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D.C. United season review: Dave Kasper

The longtime general manager orchestrated a mid-year makeover of the team, which is in its best offseason position in years

I won’t even try to hide the ball: Dave Kasper had himself a good 2016. A very good 2016, in fact.

Before we go through the GM’s year, though, let’s take stock of where D.C. United are heading into 2017. They have a United States men’s national team centerback locked down for most of his prime years. Three starting-quality wide midfielders are vying for two spots. The starting forward spot looks set with a young American talent. And the centerpiece is a 23-year-old Argentine attacking midfielder who brings flair and cheek along with the goals and assists and who grew into the role over the course of his first MLS season.

I mention these specific positions not because they are where United is best placed this winter — though, arguably, they are — but because those are the major personnel changes the Black-and-Red have made over the last 12 months. And the man primarily responsible is Dave Kasper.

Now, let’s look over the tape.

The offseason started, as it always does, with departures. Perry Kitchen refused a near-designated player contract to try his luck overseas, eventually signing with Scottish team Hearts. Philadelphia offered to take on Chris Pontius’ hefty salary and give him the fresh start everybody knew he needed (and deserved). Eddie Johnson and Davy Arnaud retired, the latter to join the coaching staff. Conor Doyle decamped for Colorado.

Cap space cleared, it was time for some moves. Trades for Lamar Neagle, Patrick Nyarko and Marcelo Sarvas were reminiscent of the M.O. Kasper and Olsen had used to turn the team around after essentially re-interviewing for their jobs following the disastrous 2013 season. (Aside: what a different time it was three years ago, for Kasper no less than anyone.)

Then things got... different. United were linked to a Boca Juniors and Estudiantes creative midfielder as well as an Italian national team midfielder. And both stories had legs. Los Capitalinos would ink a loan for Luciano Acosta, which has since been converted to a full transfer. And while some meddling from Adrian Heath and his erstwhile charge Kaka prevented United from signing Antonio Nocerino, the resources they squeezed out of Orlando City and Nocerino’s play for the Purple Lions give D.C. the better of that transaction.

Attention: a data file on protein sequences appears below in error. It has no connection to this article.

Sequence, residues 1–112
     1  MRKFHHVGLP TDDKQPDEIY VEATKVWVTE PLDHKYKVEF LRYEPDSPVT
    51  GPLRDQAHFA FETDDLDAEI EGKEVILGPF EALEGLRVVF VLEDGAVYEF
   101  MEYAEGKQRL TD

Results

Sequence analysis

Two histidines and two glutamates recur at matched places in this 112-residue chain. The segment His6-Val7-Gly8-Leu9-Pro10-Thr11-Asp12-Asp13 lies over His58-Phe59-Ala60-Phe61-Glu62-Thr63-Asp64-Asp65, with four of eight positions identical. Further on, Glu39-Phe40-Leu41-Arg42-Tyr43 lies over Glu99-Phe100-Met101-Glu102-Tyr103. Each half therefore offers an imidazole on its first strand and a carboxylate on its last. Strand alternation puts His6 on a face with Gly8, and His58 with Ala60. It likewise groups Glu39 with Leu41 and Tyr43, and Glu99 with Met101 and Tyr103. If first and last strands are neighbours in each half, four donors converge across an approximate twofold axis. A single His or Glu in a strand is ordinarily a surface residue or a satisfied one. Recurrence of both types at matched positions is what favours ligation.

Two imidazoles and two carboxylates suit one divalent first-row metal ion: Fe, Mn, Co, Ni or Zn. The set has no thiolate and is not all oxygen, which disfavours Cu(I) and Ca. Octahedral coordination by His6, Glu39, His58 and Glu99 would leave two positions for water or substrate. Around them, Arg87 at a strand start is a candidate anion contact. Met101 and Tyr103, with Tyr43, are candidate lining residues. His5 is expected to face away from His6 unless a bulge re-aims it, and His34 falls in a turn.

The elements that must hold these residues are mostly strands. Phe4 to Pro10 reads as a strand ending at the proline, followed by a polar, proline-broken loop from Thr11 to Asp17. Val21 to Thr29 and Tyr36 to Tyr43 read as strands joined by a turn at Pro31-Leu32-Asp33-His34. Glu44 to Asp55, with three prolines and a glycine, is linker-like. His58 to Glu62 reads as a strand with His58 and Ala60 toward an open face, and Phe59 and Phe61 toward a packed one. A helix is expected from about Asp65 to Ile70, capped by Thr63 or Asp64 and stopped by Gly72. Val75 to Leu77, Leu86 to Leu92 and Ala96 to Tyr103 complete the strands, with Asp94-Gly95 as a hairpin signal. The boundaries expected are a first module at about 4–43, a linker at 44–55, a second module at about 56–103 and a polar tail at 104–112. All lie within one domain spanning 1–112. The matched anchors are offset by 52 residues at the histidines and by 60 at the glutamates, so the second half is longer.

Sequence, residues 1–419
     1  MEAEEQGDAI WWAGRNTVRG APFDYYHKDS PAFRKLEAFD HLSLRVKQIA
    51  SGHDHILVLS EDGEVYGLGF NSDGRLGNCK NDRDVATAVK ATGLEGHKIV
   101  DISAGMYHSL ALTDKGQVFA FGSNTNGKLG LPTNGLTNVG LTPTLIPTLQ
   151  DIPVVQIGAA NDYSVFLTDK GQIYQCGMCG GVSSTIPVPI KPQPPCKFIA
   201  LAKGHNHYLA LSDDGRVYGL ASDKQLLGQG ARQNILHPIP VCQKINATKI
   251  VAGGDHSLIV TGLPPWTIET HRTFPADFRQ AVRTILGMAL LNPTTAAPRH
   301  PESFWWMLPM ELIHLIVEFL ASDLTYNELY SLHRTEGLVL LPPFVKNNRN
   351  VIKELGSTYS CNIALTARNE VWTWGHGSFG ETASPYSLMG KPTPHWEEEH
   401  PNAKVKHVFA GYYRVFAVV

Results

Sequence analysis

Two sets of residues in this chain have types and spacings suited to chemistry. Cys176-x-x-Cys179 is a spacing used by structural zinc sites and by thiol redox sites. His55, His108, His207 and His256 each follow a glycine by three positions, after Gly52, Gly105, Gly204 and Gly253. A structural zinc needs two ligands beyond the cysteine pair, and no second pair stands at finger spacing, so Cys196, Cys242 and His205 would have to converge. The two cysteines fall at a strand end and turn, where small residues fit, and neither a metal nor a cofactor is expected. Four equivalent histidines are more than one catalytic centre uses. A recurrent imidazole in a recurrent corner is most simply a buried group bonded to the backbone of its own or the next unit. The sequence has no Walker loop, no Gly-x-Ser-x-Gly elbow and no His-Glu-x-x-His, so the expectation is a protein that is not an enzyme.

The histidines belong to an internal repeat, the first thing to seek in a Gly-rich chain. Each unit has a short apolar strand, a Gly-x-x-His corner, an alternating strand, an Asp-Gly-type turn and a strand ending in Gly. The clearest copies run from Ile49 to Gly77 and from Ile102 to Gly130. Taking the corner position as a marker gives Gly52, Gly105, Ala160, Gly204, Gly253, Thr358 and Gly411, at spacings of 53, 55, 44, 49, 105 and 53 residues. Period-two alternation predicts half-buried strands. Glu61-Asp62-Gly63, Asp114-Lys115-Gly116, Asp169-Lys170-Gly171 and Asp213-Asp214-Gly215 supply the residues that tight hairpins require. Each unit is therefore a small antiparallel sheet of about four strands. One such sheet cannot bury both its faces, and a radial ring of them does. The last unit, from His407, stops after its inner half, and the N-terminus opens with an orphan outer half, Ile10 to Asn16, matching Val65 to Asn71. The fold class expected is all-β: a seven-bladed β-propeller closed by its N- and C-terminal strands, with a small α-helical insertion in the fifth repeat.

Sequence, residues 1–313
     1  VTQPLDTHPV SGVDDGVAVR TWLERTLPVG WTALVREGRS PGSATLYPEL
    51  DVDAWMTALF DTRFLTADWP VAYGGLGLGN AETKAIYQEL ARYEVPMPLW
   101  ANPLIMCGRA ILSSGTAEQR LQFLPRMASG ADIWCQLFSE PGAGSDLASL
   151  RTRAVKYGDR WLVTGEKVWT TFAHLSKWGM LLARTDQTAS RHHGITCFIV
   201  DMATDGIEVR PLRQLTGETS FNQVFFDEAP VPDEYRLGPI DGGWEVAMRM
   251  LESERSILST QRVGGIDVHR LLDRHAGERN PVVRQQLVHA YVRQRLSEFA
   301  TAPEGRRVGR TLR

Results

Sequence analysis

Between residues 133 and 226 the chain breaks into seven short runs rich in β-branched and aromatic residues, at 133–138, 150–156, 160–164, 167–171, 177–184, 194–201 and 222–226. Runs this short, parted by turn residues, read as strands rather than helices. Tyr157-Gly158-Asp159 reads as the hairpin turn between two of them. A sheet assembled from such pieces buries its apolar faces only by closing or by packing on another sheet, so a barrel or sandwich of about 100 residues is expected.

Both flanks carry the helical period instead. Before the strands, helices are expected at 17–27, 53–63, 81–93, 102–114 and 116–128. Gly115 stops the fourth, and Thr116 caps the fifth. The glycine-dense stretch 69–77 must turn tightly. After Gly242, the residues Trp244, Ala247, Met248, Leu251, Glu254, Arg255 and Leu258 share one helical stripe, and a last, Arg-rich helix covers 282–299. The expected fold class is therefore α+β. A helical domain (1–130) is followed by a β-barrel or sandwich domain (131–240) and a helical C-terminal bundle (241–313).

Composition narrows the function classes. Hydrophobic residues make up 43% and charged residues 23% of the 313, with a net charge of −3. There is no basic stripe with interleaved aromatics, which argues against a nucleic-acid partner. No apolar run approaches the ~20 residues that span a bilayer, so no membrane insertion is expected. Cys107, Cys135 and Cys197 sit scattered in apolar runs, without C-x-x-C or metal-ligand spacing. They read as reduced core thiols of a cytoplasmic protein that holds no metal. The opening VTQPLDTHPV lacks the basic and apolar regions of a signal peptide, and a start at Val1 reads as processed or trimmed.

Rob Vincent joined the team from USL side Pittsburgh. Julian Buescher and the quickly departed Paul Clowes came via the SuperDraft. Charlie Horton arrived from Leeds. In May, Markus Halsti returned to Scandanavia, while Alhaji Kamara came the other direction, looking for a fresh start after a medical scare had kept him on the sidelines for most of a year. Tally Hall came on board for a few months to stem a goalkeeping injury crisis before retiring to pursue a career in law enforcement.

U.S. under-17 defensive midfielder and center back Chris Durkin signed a homegrown deal and shone brightly in his one performance for the Black-and-Red. He’ll continue his tutelage in the Bradenton national team residency program through next spring’s U-20 World Cup before joining United full time.

But it was July that defined United’s 2016 on the personnel side, and therefore for Kasper. Out went the team’s attacking centerpiece, Fabian Espindola traded to Vancouver before signing with Necaxa in Mexico. In came United-killer Lloyd Sam from Hudson River West, Patrick Mullins from Hudson River East and Kennedy Igboananike from the shores of Lake Michigan.

It was a risky move, and United probably gave up plenty for Sam and Mullins. But whatever the amount, it was worth it. United’s identity changed over the rest of the season from one of the league’s most defensive-minded teams to one of its best attacking sides, and they entered the playoffs scoring goals at the best rate in MLS.

Since the season ended, Kasper has accomplished the consensus top two priorities for the offseason, inking Acosta to a permanent transfer and signing Steve Birnbaum on a long-term deal to keep him from following Perry Kitchen across the pond on a free transfer after 2017.

It wasn’t all sunshine and rainbows, of course. I’m sure Kasper would have preferred to keep Kitchen in the fold. While the Nocerino saga ended well for United, one wonders whether he could have succeeded at RFK given his showing at Camping World Stadium. Let us not forget that Andrea Mancini spent most of the year on the roster.

And United’s playoff exit in the play-in/knockout/wild card/whatever round was a step back from 2015 and 2014.

Nevertheless, to my eye, the roster is in the best shape it’s been in for a long time. Over the course of the year, United got younger, more stable, deeper and better. It’s because Dave Kasper had himself a good 2016.

And now, we vote. Have your say on whether the GM should return next year for his tenth full season in the role (and his fifth out of the shadow of Kevin Payne). And then take to the comments.